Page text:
My love of granita is well documented. Hailing from Sicily, granita is made with fruit juice or coffee, liberally sugared, perhaps supplemented by other flavorings (ground almonds or pistachios, for example) and then frozen. As it freezes, the mixture is stirred around every hour or so, until you are left with a slushy mush of icy deliciousness.
The Roman variant is called grattachecca (gratta-keh-kah) and it’s also highly refreshing on a boiling hot day — the type of day that seems to be in endless supply during the Roman summer. Grattachecca consists of freshly grated ice topped with fruit syrup and sometimes with fresh fruit.
‘Gratta’ means scrape and ‘checca’ is the name for the big blocks of ice that were used to keep things cold in pre-refrigerator days. Early in the last century, some bright spark got the notion to scrape some ice, chuck it in a glass, cover it with fruit juice or syrup and sell it by the side of the road.
The clever vendor was actually following a looonnngggg tradition of adding flavorings to snow, with Persia, Greece and China all claiming the honor of introducing the notion to Rome thousands of years ago. Quintus Fabius Maximus, who was very briefly the suffect consul of Rome (in 45 B.C.), supposedly imported snow from Mount Terminillo in the Apennines to be flavored with sweet syrups and distributed by thermopolia (booths selling hot and cold beverages).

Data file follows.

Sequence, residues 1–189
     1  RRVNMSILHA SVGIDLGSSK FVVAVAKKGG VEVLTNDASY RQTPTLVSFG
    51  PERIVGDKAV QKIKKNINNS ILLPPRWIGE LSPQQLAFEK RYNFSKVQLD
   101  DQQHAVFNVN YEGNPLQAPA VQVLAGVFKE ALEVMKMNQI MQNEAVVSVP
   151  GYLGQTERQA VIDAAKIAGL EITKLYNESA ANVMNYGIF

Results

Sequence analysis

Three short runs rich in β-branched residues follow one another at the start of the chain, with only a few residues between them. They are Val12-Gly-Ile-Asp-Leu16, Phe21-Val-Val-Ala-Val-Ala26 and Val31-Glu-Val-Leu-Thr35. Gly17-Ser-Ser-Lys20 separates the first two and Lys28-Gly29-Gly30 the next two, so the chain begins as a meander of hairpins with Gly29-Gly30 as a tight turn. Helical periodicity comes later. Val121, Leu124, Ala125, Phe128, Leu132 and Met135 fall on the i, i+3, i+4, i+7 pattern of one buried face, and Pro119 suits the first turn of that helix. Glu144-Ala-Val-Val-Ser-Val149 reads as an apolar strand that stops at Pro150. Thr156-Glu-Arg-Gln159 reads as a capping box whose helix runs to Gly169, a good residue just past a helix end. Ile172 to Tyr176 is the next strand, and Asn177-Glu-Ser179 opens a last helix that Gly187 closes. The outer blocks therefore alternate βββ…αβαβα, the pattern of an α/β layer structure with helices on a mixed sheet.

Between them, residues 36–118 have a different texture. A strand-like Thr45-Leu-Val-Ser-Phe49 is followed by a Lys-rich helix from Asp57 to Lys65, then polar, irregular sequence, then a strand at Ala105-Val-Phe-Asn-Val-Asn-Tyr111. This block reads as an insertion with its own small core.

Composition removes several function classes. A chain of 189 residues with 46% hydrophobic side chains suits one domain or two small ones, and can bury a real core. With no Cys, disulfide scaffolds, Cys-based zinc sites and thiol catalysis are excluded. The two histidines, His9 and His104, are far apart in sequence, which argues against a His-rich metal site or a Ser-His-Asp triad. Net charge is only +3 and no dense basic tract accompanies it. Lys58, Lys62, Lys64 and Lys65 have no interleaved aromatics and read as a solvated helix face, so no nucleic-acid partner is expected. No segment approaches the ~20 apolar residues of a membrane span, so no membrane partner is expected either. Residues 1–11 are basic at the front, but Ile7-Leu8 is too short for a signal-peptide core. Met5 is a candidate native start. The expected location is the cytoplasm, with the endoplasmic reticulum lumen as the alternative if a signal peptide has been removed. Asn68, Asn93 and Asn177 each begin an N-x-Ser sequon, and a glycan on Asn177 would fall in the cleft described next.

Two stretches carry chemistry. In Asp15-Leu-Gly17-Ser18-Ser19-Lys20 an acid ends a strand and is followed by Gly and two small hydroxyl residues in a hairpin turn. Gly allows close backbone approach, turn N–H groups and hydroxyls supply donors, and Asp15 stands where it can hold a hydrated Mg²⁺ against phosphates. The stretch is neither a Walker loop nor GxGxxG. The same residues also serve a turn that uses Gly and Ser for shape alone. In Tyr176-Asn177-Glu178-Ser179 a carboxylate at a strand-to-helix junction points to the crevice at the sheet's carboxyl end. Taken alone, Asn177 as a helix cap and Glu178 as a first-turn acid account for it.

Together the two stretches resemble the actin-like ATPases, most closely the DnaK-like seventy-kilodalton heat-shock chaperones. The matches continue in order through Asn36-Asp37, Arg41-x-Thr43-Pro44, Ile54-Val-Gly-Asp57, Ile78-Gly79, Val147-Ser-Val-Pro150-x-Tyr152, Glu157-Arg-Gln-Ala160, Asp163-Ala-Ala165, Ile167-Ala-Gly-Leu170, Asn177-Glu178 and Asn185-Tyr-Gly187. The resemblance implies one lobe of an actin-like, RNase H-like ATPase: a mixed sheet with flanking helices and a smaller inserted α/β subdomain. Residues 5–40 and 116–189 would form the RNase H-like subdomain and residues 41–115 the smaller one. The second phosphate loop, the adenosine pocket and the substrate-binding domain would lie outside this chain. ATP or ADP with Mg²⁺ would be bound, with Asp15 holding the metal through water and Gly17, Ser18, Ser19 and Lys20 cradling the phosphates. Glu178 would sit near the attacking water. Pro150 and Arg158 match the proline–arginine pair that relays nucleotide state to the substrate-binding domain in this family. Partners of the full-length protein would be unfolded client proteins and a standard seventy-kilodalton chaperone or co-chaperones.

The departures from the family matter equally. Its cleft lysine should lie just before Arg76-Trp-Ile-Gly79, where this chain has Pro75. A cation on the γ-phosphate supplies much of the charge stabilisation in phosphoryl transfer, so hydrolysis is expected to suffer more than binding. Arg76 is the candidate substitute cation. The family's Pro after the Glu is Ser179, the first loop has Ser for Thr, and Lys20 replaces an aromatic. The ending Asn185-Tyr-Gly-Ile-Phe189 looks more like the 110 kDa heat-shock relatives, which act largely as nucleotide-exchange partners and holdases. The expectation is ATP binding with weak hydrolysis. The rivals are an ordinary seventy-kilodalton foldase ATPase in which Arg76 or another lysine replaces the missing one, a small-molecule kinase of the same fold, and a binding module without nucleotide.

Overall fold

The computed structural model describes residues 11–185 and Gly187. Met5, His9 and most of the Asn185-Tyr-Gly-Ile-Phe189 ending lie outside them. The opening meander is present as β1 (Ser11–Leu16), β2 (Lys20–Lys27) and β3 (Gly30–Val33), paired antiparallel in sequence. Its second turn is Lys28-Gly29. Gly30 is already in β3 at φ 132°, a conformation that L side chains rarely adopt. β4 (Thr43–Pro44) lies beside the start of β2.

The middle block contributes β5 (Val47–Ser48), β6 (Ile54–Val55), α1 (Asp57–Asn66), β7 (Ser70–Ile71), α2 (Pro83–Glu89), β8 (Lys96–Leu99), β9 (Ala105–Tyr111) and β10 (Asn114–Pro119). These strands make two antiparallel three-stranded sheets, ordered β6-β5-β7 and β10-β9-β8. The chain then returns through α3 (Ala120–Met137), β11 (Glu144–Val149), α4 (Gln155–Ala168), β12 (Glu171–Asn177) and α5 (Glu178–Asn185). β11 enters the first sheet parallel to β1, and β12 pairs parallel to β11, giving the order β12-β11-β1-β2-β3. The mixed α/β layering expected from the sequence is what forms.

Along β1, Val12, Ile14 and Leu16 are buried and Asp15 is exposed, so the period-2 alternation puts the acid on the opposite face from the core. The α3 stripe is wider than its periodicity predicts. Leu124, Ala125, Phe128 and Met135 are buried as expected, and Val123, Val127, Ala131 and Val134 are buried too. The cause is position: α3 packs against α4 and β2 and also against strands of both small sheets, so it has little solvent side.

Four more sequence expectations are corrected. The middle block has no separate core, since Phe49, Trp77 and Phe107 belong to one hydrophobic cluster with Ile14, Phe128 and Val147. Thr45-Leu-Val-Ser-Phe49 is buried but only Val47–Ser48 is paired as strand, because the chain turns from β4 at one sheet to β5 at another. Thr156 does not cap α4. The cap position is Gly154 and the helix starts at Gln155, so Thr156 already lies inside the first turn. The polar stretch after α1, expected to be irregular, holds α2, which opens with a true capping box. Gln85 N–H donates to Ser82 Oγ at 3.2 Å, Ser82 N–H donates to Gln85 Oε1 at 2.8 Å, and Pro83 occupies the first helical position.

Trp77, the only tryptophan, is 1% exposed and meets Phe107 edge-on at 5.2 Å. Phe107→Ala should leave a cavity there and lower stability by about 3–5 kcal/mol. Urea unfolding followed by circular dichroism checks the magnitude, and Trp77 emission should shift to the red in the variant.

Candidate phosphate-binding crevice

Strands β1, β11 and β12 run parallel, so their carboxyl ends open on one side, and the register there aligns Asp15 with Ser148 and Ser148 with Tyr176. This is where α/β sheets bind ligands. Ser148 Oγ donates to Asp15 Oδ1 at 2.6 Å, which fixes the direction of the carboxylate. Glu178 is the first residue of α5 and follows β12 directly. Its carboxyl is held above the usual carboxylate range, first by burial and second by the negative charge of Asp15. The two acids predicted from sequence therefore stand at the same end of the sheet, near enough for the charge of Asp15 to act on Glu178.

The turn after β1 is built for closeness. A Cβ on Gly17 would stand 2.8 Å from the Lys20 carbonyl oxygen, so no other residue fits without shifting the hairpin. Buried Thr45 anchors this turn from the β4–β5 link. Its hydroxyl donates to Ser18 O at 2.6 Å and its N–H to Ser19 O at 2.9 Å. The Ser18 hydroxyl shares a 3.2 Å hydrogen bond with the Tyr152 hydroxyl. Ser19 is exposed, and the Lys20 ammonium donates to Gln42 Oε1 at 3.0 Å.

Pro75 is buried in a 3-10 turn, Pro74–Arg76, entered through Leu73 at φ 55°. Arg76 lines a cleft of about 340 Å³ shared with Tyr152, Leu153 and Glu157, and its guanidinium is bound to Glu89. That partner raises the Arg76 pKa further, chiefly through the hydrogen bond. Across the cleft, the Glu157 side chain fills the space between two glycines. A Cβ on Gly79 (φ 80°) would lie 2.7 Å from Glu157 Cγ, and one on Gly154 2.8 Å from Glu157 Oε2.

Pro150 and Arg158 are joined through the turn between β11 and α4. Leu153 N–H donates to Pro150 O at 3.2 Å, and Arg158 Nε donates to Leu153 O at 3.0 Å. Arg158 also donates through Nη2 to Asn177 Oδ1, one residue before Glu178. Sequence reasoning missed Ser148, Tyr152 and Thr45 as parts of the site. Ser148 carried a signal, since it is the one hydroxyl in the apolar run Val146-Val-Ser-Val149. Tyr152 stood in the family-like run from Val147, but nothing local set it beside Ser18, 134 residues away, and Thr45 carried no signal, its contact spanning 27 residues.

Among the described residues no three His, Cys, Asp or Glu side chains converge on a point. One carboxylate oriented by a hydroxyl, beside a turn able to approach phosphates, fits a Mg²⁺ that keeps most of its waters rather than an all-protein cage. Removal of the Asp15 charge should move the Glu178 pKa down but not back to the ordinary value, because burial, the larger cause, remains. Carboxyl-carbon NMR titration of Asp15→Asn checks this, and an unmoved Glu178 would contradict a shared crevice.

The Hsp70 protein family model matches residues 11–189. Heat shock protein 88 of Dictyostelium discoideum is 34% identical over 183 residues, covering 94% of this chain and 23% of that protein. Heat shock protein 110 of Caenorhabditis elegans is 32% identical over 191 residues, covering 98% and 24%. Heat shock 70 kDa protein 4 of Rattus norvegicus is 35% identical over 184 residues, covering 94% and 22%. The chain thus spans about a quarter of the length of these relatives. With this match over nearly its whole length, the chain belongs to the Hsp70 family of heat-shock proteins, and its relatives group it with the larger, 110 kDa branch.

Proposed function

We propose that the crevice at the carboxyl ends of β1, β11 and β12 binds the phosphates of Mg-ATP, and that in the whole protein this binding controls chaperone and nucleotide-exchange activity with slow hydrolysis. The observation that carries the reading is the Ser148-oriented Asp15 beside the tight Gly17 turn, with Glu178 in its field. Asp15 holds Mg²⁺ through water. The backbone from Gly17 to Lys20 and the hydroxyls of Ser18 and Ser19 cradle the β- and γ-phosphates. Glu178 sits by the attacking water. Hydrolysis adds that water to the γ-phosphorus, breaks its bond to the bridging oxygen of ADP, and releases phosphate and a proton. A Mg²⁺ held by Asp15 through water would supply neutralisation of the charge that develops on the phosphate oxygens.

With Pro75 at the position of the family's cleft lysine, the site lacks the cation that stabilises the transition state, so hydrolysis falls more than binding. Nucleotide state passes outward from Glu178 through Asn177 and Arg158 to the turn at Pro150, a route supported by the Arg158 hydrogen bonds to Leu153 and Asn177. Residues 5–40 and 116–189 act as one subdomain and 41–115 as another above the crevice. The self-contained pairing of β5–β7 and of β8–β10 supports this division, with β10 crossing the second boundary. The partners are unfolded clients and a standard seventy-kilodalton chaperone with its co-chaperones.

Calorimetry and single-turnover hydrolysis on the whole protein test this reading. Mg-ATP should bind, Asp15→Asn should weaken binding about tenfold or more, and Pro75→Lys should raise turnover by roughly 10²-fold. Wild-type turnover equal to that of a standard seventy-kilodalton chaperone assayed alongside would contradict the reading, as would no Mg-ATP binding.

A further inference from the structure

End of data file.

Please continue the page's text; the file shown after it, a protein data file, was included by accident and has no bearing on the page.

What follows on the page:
Below are some well-known grattachecca places in Rome. Fonte d’Oro will be a century old next year and was where Marcello Mastroianni and Anna Magnani got their fix. And the Obama family enjoyed grattacheccas at Sora Mirella when they were in Rome in 2009.
Lungotevere Sanzio/Piazza Belli
Trastevere quarter. Open 12 pm-2 am
Lungotevere degli Anguillara
Trastevere quarter at the Cestio Bridge. Open 12 pm-3:30 am
Via Porta Cavalleggeri
near St Peter’s Basilica. Open 11 am- 2am